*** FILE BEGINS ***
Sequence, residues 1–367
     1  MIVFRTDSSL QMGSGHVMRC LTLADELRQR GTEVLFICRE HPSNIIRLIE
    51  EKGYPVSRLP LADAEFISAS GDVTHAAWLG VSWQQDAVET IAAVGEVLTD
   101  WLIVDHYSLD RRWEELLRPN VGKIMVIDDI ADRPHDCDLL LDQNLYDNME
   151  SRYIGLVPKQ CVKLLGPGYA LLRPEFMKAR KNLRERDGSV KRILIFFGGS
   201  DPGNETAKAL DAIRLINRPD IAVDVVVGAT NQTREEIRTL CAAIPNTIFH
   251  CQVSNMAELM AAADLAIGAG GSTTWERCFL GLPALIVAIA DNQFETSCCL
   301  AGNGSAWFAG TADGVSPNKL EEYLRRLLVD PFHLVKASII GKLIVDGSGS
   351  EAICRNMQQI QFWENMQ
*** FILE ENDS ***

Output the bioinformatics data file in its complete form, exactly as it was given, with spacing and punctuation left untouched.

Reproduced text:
Sequence, residues 1–367
     1  MIVFRTDSSL QMGSGHVMRC LTLADELRQR GTEVLFICRE HPSNIIRLIE
    51  EKGYPVSRLP LADAEFISAS GDVTHAAWLG VSWQQDAVET IAAVGEVLTD
   101  WLIVDHYSLD RRWEELLRPN VGKIMVIDDI ADRPHDCDLL LDQNLYDNME
   151  SRYIGLVPKQ CVKLLGPGYA LLRPEFMKAR KNLRERDGSV KRILIFFGGS
   201  DPGNETAKAL DAIRLINRPD IAVDVVVGAT NQTREEIRTL CAAIPNTIFH
   251  CQVSNMAELM AAADLAIGAG GSTTWERCFL GLPALIVAIA DNQFETSCCL
   301  AGNGSAWFAG TADGVSPNKL EEYLRRLLVD PFHLVKASII GKLIVDGSGS
   351  EAICRNMQQI QFWENMQ